In recent times a lot has been spoken about Australia’s debt level. This was no more evident than in the lead up to the last Federal election where it seemed to dominate debate. This article updates the data published in an earlier FlagPost titled Australia’s current debt position
. I therefore intend in this article to report the latest available data on Australia’s level of debt for both the public and private sectors in gross and net terms. For more information on gross and net debt the reader is referred to the earlier FlagPost.
Chart 1 below presents Australia’s current foreign debt for the first quarter of 2012 in gross and net terms for the public and private sectors. From Chart 1 it is clear that the private sector is still the largest contributor to Australia’s foreign debt. The private sector is responsible for 78.4 and 71.9 per cent of Australia’s gross and net foreign debt respectively. This is a decrease of 4.4 and 7.8 percentage points of gross and net foreign debt respectively since December 2010.
General government, as defined by the Australian Bureau of Statistics (ABS), is an aggregate of all levels of government including local, state and national governments. The general government gross and net foreign debt currently stands at 14.2 and 12.2 per cent of Gross Domestic Product (GDP) respectively. This is an increase of 4.2 and 4.5 percentage points in gross and net foreign debt respectively since December 2010. The total Australian public sector (including general government, and financial and non-financial corporations controlled by governments) gross and net foreign debt currently stands at 20.4 and 14.3 per cent of GDP respectively, an increase of 4.3 and 4.5 per cent of GDP respectively since December 2010.
Although private sector gross and net foreign debt has decreased since December 2010, the public sector gross and net foreign debt has increased. This has resulted in Australia’s total gross foreign debt (aggregate of the public and private sectors) as a proportion of GDP increasing by 1.0 percentage points since December 2010 to 94.3 per cent of GDP. Australia’s total net foreign debt as a proportion of GDP has increased 2.6 percentage points since December 2010 to 51.0 per cent of GDP.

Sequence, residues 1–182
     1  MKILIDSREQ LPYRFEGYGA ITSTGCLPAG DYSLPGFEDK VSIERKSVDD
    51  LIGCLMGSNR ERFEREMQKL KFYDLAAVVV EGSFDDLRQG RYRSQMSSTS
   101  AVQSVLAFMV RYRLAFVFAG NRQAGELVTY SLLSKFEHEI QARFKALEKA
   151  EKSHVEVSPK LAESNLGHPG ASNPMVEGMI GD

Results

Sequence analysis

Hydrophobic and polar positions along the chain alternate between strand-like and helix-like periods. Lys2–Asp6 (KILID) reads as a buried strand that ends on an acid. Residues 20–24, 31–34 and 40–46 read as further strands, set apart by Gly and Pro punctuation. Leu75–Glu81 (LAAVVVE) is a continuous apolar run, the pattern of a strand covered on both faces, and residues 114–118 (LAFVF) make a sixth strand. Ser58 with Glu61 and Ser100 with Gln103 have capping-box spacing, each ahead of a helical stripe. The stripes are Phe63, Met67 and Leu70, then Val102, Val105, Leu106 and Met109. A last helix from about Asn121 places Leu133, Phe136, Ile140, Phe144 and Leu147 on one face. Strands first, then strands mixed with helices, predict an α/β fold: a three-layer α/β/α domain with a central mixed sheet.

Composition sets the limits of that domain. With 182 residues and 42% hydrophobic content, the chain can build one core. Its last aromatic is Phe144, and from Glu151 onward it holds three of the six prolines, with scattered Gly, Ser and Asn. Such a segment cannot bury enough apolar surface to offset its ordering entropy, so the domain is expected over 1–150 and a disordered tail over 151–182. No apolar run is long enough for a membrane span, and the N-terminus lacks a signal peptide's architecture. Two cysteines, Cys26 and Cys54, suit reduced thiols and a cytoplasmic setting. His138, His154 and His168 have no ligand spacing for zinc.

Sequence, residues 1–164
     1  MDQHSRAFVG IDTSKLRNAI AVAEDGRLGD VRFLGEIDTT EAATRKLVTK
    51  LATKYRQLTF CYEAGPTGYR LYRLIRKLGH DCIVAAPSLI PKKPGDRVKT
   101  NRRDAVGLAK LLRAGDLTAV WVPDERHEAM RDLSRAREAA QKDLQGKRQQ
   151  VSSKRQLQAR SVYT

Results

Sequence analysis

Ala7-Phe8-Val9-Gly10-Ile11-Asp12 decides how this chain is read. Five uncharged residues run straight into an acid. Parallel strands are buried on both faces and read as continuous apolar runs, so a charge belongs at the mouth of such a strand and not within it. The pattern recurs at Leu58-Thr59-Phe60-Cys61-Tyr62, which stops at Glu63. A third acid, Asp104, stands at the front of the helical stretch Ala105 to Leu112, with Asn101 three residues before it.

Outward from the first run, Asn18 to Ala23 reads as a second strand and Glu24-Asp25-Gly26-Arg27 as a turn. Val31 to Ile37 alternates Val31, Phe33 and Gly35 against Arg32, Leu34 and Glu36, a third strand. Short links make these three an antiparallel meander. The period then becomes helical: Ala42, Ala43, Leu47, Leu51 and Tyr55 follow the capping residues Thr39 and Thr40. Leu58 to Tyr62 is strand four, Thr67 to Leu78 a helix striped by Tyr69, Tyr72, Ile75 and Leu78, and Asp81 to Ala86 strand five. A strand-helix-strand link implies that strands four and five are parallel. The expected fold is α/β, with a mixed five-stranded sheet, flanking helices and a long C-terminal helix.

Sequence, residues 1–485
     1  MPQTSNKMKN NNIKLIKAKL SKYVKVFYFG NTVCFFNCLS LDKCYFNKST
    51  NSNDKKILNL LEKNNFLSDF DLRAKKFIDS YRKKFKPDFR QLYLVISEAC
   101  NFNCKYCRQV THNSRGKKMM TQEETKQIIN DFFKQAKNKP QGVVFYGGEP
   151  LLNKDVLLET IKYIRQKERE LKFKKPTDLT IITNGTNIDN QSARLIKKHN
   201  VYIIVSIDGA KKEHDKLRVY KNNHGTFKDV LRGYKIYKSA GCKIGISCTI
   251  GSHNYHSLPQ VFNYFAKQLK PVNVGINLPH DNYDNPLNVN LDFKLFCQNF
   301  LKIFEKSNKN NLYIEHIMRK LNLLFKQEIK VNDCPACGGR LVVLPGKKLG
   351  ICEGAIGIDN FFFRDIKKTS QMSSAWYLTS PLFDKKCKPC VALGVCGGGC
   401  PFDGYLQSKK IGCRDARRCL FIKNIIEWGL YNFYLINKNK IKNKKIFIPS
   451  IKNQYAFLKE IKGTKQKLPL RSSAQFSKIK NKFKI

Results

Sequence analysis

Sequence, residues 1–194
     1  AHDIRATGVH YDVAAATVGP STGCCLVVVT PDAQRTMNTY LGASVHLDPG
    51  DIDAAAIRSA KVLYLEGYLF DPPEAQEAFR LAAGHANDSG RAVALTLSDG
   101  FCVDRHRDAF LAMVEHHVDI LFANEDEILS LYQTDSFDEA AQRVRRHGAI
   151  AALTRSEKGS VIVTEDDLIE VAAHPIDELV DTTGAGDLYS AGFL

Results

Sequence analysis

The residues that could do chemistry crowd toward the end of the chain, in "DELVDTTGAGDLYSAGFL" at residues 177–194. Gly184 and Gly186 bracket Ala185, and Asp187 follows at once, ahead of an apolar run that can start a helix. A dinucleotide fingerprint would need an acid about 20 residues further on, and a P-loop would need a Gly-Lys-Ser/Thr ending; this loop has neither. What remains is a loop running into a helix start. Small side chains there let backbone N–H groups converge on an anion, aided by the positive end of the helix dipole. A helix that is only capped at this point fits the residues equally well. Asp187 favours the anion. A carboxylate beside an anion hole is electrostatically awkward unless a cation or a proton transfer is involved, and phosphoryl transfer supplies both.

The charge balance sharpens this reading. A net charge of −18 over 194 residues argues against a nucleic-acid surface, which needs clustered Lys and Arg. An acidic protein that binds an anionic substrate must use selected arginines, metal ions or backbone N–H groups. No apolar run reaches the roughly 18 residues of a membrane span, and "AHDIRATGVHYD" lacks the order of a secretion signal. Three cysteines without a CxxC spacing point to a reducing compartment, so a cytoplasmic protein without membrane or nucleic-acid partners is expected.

Chart 2 presents the national government (the Commonwealth) gross and net debt position for years
spanning 1970–71 to 2015–16. Data for 2011–12 and onwards are estimates based on expected GDP and debt growth as outlined in Budget Paper No 1 2012–13. The national government gross and net debt currently (2010–11) stands at 13.7 and 6.0 per cent of GDP respectively. National government gross and net debt has increased 2.3 and 2.7 percentage points respectively since 2009–10. These debt figures are comprised of all foreign and domestic liabilities, including financial and non-financial corporations, for the national government.
To gain an insight into what this actually means for the national government’s overall financial health, hence its current debt position, it is helpful to compare these data with previous governments and that of other countries. Chart 3 presents gross and net debt for successive national governments spanning Whitlam to the current Rudd/Gillard Government with red indicating Labor governments and blue representing Coalition governments. The levels of debt recorded in Chart 3 reflect what the gross and net debt position was at the end of each term of government, except for the Rudd/Gillard period where the most current data has been reported.
In gross and net terms the current Rudd/Gillard government has recorded the second largest debt position of all previous governments over the reporting period with only the Hawke/Keating government experiencing a higher debt position.
Chart 4 presents general government gross and net debt for Australia in 2011 compared to other countries. The term general government used here is from the International Monetary Fund and includes all lower levels of government. Chart 4 clearly shows that Australia’s general government gross and net debt, which currently stand at 22.9 and 7.8 per cent of GDP respectively, are much lower than those of other countries.
Combining this with historical data, it becomes clear that Australia’s current debt position, in both gross and net terms, is still very low despite the increases documented above.